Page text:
Voters Boost Cost of Proposed School Construction Bond

HAMPSTEAD – The Hampstead School District Deliberative Session drew an audience of about 70 residents and 11 visitors but offered little in the way of excitement. Two articles were amended, both of them by the School Board and necessitated by updated financial information.

The first amendment at the Tuesday, Feb. 4 session, was to Article 3, the School District’s operating budget bottom line, the result of an announcement last week by Pinkerton Academy that it was lowering its 4.9 percent tuition rate increase to 3.5 percent. This translated into a $59,789 savings for Hampstead.

The School Board proposed and approved amending the operating budget from $23,863,412 down to $23,803,623 to reflect the lowered tuition rate.

The other amendment made by the School Board was to Article 2, the proposed $6,180,520 bond to construct Phase I renovations for Hampstead Central and Hampstead Middle schools.

The board received information the day of the Deliberative from the New Hampshire Municipal Bond Bank that the figure for the first’s year’s interest payment on the bond had to be increased from $133,911.27 to $178,548.36 – that translates to an increase of $44,637.09.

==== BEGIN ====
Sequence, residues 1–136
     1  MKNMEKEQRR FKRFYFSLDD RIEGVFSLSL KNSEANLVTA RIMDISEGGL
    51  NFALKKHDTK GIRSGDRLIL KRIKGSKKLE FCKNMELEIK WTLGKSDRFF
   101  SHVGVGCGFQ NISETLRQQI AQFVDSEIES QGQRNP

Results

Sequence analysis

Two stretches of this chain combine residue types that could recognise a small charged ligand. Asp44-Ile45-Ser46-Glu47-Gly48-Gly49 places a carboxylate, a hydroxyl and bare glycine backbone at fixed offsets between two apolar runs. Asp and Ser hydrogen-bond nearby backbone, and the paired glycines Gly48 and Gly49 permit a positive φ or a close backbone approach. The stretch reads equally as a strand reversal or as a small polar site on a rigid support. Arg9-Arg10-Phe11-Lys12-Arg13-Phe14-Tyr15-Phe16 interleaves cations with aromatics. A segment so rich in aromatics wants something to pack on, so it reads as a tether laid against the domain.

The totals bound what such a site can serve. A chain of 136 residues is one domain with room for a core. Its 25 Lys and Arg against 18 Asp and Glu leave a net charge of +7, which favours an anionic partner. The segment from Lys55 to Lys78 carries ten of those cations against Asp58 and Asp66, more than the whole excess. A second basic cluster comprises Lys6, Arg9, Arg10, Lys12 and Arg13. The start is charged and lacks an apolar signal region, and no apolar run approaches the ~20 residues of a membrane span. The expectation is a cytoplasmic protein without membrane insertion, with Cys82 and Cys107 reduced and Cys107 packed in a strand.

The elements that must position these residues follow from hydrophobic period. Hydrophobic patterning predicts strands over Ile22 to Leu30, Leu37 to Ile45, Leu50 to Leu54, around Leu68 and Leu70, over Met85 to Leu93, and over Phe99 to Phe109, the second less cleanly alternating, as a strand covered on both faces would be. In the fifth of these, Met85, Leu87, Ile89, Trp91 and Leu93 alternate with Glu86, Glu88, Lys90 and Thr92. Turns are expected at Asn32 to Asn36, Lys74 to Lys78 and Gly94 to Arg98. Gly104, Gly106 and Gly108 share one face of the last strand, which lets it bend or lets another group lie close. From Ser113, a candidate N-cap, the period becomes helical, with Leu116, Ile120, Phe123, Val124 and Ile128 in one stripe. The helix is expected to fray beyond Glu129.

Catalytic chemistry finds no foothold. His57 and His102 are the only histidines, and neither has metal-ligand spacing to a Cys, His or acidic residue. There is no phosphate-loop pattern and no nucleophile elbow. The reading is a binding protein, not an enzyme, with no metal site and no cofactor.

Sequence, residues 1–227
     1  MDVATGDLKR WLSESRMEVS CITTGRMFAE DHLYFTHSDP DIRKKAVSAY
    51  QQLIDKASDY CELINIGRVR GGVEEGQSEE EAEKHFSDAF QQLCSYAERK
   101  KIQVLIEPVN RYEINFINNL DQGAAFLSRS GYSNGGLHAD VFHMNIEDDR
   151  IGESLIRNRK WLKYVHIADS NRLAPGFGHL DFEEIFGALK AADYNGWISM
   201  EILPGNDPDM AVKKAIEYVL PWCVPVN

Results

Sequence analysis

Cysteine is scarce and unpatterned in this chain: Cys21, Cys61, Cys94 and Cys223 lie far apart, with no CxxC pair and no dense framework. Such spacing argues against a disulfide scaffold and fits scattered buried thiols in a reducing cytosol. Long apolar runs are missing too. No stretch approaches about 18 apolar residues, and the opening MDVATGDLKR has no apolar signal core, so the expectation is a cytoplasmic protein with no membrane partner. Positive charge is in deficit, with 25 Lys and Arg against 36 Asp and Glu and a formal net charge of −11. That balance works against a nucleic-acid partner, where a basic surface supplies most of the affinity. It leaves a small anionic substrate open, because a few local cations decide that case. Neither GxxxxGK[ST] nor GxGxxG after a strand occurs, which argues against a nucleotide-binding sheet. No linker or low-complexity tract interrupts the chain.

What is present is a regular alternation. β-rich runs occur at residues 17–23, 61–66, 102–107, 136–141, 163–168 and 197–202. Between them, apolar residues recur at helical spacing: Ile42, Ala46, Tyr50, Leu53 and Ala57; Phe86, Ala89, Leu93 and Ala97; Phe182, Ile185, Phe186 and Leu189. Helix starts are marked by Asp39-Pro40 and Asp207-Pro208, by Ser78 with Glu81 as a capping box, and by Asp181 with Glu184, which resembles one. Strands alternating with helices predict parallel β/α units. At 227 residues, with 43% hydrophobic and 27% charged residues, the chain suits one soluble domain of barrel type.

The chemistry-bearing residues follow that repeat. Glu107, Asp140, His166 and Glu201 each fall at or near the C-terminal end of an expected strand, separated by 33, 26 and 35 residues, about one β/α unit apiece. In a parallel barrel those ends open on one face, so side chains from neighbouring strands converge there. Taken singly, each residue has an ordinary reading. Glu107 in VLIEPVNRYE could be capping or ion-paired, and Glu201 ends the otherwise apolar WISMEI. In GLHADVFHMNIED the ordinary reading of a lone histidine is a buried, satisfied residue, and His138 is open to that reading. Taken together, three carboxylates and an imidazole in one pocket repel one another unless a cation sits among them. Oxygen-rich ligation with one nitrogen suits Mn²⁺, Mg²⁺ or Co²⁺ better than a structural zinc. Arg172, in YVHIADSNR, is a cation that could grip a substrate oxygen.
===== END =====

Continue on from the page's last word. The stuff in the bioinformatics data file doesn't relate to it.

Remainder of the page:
Bread Loaf Director of Architecture Chris Huston gave a brief presentation of the proposed projects. The proposal calls for a two story addition containing six classrooms at Central, as well as expansions to the kindergarten classes to bring them into size compliance, energy-efficient wall and window repairs in the kindergarten wing, addition of an elevator, and construction of a hallway to connect the new construction to the existing structure. The school’s portable classrooms would no longer be used.

At Hampstead Middle School the proposed project would create a new entrance and the library would be reconfigured and modernized.

Resident Jorge Mesa-Tejada put on a presentation that focused on whether the Central School addition was needed. He said the addition of six classrooms is not justified, but everything else proposed at Central School is warranted. He based his claim that the new addition is not needed on showing that the building is not being used to full capacity, with sufficient space available within the existing structure for the number of students enrolled and projected.

He asked residents to vote No on the article.

Resident Joe Tabbi pointed out that in a previous year, the School District wanted to buy land adjacent to Central School for an addition. Tabbi said the state requires additional land for any additional construction at the site, and he asked if the state has been notified about the planned construction and had approved a permit to do the construction without additional land.

The board said it knew nothing about this.

Budget Committee Chairman Matt Murphy said the public should be made aware that the real cost of the proposed project when the 10-year bond interest is added is over $7 million, rather than $6,180,520.

The bond issue, Article 2 as amended by the change to the first year interest payment, was moved to the warrant without any further changes.